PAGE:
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1. A person may borrow barrels of wine or oil (things needed for Shabbos) from his friend on Shabbos.
2. The Mishnah discusses what a person should do if the person from whom he is borrowing (see #1) does not trust that he will pay back.
3. Chazal stated that people should change the way they carry on Yom Tov to indicate that it is Yom Tov.
4. One should not clap, bang his chest, or dance to music on Shabbos or Yom Tov.
5. It is preferable that people transgress unintentionally than we rebuke them and cause them to [ignore our rebuke and] transgress intentionally.
A BIT MORE
1. However, Chazal ruled that he must use a terminology of "borrowing" instead of "lending," in order to remind the lender not to write down the transaction on Shabbos.
2. The borrower should leave his cloak at the lender's house as (unspoken) collateral until after Shabbos when they can calculate the details.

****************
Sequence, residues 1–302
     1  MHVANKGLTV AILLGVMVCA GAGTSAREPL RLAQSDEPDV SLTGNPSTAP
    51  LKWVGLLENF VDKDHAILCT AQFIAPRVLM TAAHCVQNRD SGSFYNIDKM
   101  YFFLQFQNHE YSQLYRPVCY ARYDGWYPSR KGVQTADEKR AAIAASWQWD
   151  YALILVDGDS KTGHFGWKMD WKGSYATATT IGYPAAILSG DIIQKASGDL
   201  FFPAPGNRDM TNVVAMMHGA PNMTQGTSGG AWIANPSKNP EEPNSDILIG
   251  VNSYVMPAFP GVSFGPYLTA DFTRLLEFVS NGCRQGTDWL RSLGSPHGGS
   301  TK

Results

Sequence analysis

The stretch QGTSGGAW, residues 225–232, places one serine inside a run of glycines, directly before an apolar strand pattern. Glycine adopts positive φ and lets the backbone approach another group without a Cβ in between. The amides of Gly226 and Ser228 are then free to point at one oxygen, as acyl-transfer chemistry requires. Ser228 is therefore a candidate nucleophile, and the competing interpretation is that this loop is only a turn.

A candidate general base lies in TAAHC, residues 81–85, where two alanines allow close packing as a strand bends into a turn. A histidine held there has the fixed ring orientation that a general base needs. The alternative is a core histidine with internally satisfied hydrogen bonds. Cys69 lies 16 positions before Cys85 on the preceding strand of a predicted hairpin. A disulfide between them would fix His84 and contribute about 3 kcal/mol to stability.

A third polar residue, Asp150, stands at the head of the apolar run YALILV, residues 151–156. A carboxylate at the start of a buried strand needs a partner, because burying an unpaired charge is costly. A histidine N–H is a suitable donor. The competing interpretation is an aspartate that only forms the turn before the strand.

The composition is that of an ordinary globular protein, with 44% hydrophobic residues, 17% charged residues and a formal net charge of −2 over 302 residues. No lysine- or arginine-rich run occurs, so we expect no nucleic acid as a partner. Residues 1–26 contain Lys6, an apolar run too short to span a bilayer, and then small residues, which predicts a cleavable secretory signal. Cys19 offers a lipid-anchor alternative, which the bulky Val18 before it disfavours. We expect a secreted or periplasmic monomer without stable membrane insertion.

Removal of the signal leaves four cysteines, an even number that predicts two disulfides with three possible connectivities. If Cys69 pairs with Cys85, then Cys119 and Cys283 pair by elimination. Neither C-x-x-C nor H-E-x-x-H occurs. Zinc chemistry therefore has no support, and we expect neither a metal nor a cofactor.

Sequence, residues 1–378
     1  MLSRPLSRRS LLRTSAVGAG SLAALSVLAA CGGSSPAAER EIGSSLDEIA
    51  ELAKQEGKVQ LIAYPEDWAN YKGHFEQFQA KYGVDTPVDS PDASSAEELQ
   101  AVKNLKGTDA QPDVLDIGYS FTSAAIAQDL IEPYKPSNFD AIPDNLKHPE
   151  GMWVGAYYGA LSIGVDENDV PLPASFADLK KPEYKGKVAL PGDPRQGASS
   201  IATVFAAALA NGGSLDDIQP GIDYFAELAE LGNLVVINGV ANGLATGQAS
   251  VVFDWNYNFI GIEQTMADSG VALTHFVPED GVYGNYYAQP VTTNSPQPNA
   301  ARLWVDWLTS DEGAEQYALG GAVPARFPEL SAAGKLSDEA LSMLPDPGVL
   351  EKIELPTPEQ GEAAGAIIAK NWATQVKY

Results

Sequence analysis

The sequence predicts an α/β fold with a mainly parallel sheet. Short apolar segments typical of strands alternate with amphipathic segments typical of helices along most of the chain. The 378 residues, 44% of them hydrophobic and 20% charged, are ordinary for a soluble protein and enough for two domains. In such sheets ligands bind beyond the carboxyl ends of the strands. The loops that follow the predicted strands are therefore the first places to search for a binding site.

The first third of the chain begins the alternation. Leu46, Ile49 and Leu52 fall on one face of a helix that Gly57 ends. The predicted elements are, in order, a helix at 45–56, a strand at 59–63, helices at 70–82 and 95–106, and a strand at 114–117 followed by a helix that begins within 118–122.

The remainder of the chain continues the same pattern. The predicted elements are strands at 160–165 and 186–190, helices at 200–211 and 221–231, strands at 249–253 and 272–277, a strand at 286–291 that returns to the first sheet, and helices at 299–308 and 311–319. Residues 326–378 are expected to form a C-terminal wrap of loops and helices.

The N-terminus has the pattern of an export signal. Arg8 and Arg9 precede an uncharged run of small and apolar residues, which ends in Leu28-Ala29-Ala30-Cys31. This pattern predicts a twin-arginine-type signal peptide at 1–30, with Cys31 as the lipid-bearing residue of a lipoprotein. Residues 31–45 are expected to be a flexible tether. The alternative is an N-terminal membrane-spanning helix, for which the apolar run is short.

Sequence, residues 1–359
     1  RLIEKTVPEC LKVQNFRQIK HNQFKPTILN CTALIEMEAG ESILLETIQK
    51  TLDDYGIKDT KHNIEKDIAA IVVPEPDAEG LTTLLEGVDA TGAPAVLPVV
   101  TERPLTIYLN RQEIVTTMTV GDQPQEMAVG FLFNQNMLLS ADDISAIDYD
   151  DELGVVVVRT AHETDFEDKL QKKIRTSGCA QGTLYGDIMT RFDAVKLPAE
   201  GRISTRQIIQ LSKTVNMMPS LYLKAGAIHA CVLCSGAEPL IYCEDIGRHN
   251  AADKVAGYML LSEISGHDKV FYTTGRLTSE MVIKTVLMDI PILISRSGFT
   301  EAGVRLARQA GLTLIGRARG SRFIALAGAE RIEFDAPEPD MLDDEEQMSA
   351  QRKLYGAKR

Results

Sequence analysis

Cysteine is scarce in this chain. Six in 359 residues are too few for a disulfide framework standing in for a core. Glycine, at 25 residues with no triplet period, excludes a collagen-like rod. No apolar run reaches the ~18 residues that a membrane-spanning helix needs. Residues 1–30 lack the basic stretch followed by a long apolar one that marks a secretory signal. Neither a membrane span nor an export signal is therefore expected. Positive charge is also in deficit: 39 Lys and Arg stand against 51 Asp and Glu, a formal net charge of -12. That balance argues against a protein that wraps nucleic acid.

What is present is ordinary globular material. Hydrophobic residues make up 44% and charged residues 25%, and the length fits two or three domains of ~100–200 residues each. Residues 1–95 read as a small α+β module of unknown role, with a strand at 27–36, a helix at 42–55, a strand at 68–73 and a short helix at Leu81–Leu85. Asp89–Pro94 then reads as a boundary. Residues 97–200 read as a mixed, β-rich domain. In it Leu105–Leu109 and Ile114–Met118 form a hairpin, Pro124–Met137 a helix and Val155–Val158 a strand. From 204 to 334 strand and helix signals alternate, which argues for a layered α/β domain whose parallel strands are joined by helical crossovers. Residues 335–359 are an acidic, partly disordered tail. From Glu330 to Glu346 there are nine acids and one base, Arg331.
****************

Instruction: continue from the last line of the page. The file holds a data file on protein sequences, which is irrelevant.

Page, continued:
3. Accordingly, people may not carry very heavy items on Yom Tov without changing the way they normally do so, as it looks as though they are doing the type of work normally done during the week. However, if they cannot make any change in the way they carry and the carrying is necessary for Yom Tov (such as when large quantities of water need to be carried to one's home on Yom Tov), then they may carry in the usual manner.
4. This is because of the concern that one might fix a musical instrument in order to enhance his musical enjoyment.
5. The Gemara concludes that this applies even to some Torah laws, such as the obligation to add some time to the fast of Yom Kippur.
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